Since the Scottish Fold is one of the comparatively calm cat breeds, it can be kept well in the apartment – as long as it has enough play and activity opportunities. She usually gets along well with conspecifics and other animals (and with appropriate socialization).

However, anyone who brings a Scottish Fold into their home must be aware that even professional breeding of Scottish Folds can lead to numerous health problems for the animals – such as joint deformations, bone defects, and osteochondrodysplasia – with associated pain.

For this reason, the international umbrella organization of cat breeding associations, the Fédération Internationale Féline, has not yet recognized the breed as a breed; numerous studies advocate a general breeding ban because it is torture breeding.

From British Shorthair to Scottish Fold

The special trademark of the Scottish Fold – also known as the Scottish Fold – is their ears folded forwards and downwards. Otherwise, it is completely similar to the British Shorthair or Longhair cat.

The kitten with folded ears was first spotted in 1961 on a farm in Scotland. Here a white, long-haired cat with an unusual kink in its ears saw the light of day. Their folded ears were the result of a spontaneous mutation inherited from an incompletely dominant gene.

In a large-scale breeding program by William Ross and the geneticist Pat Turner, many more fold-ear cats were eventually bred. Today the Scottish Fold is particularly popular in the USA. In addition, however, they are also bred in Germany, Russia, or Australia.

In Europe, however, the breed is only recognized by a few breed clubs, as it is assumed that the folding of the ears can lead to health problems. Therefore, the Scottish Fold is considered a torture breed in many places.

Breed-specific traits

Since the Scottish Fold emerges exclusively from matings of British Shorthair or British Longhair cats, it has the same character and behavioral traits as its direct relatives. She is considered uncomplicated, good-natured, and adaptable. She is happy to accompany her owner every step of the way but is usually only rarely intrusive or annoying. In contrast to other cat breeds, the Scottish Fold is a rather quiet companion and only draws attention to itself through occasional meows.

Attitude and care

Just like its close relative, the British Shorthair or Longhair cat, the Scottish Fold is considered to be very uncomplicated and usually gets along well with other animals, such as dogs. Since they are calmer and less lively than oriental races, they are suitable for keeping indoors but are also happy to have one or the other opportunity to go outdoors.

If the cat is kept only in the apartment, it needs – despite the comparatively calm mind – sufficient play and employment opportunities.

As a rule, their fur does not require any special care but should be brushed regularly. The special folding of the ears also results in special care requirements. For example, significantly more ear wax deposits can form than other cats.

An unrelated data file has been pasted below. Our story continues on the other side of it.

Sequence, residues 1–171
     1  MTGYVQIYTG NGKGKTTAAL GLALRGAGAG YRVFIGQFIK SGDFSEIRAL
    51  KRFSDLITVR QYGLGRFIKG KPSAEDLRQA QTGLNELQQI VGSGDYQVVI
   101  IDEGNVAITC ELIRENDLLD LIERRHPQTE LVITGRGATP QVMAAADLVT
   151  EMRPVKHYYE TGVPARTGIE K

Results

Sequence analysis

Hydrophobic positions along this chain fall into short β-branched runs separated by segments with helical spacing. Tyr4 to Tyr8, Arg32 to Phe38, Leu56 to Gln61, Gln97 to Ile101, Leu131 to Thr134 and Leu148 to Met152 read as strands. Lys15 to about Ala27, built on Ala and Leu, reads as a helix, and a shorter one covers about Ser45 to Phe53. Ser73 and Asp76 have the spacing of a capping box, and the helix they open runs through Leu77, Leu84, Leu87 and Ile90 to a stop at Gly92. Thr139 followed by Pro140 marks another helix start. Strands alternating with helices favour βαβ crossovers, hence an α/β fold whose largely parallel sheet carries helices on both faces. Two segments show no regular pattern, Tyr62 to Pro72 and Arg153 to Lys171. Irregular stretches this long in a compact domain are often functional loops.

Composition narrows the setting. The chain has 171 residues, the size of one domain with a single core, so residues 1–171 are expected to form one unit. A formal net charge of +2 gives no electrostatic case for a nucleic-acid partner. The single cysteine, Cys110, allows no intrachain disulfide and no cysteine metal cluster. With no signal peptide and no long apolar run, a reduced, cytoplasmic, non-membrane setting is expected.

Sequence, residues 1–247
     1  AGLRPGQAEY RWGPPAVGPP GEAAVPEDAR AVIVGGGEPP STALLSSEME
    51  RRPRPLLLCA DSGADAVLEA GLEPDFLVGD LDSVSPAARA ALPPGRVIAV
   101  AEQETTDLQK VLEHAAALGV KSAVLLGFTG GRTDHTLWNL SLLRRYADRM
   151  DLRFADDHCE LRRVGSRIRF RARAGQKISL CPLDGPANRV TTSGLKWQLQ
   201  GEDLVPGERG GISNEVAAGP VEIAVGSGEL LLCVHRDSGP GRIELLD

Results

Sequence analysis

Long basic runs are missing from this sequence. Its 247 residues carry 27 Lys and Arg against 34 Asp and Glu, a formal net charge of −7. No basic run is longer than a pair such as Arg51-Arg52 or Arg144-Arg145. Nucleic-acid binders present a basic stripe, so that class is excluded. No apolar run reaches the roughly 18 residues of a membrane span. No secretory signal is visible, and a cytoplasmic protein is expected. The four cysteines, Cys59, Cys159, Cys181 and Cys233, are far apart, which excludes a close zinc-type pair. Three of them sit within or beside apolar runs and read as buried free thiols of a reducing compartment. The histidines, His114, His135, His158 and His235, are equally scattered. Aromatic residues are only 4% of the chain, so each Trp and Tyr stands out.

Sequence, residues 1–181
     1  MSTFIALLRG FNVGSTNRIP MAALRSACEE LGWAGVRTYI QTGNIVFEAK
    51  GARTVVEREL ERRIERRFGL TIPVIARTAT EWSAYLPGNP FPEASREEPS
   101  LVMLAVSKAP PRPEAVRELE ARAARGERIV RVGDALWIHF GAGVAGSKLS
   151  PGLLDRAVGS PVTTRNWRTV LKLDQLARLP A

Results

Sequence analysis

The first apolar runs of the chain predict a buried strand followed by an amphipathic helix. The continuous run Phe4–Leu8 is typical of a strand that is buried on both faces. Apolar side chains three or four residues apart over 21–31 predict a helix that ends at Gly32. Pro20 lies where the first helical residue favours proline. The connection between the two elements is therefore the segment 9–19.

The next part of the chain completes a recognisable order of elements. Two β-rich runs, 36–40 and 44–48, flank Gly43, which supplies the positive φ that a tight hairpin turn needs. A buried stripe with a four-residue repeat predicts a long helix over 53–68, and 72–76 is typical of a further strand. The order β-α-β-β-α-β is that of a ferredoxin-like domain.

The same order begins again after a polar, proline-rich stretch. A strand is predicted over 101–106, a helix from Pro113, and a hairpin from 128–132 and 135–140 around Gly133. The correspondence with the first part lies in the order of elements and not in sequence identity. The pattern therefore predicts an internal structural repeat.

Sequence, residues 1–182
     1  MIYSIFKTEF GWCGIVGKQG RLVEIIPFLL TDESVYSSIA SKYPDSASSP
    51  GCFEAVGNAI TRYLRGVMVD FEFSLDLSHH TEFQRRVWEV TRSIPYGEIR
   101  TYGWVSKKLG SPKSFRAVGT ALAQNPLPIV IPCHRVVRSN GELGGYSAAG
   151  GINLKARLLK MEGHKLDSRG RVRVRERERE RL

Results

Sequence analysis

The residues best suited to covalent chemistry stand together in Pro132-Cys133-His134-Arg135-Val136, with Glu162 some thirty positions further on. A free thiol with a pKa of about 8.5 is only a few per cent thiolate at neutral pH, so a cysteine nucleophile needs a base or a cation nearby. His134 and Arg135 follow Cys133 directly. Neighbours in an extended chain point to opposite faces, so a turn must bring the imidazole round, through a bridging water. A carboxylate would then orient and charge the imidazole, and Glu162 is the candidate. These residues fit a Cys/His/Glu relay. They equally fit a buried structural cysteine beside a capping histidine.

In addition, the fold cat is also prone to a genetic defect in the development of the bone growth zone. This can lead to severe joint deformities and painful movement disorders.

So that’s it with the great designer sofa! It stood there wonderfully and invited me to dream and relax. And now that! The cat Mimi has sharply sharpened her sharp claws on the beautiful part in the absence of her mistress. Now the fabric is torn and the foam is sticking out.

Mum is really angry because she bought her darling a chic, huge scratching post that reaches up to the ceiling. But no – Mimi prefers to immortalize herself on the furniture.

Why does the cat scratch furniture?

Indoor cats don’t just scratch the sofa because they want to sharpen their claws and remove dead calluses. No, it is also a form of marking the piece of furniture. Your house tiger will tell you clearly: This is mine!

How does the cat mark the furniture?

Quite simply: by sharpening its claws, the cat secretes a brand of scent through a film of sweat that is secreted between the soles of the soles. Mieze makes use of this scent and marks her territory with it.

What can you do to prevent the cat from scratching the furniture?

The approach of Mimi’s mistress was pretty good. It is very important to set up enough scratching facilities where Kitty can “quite legally” pursue her need to sharpen her claws. It can be a super-luxury model on different floors, which also offers play, climbing, and lounging opportunities at the same time. However, some house tigers just love the small model in the corner of the room, which they can easily reach. We tested some of the most popular models in our extensive cat tree test. And if you just want to take a look around the market or perhaps already have an approximate idea of ​​the desired scratching post, you will find some scratching post classifieds in our animal market.

Then, of course, it is also important to protect your sofa. For example, you could attach a scratching board to the place where the kitty whets her claws so that the fabric stays intact. Or you use a scent that the fine cat’s nose can’t stand – for example, orange or citrus oil – that is simply drizzled on the spot. So your velvet paw will prefer to stay away from the place in the future!

Education – positive reinforcement as punishment!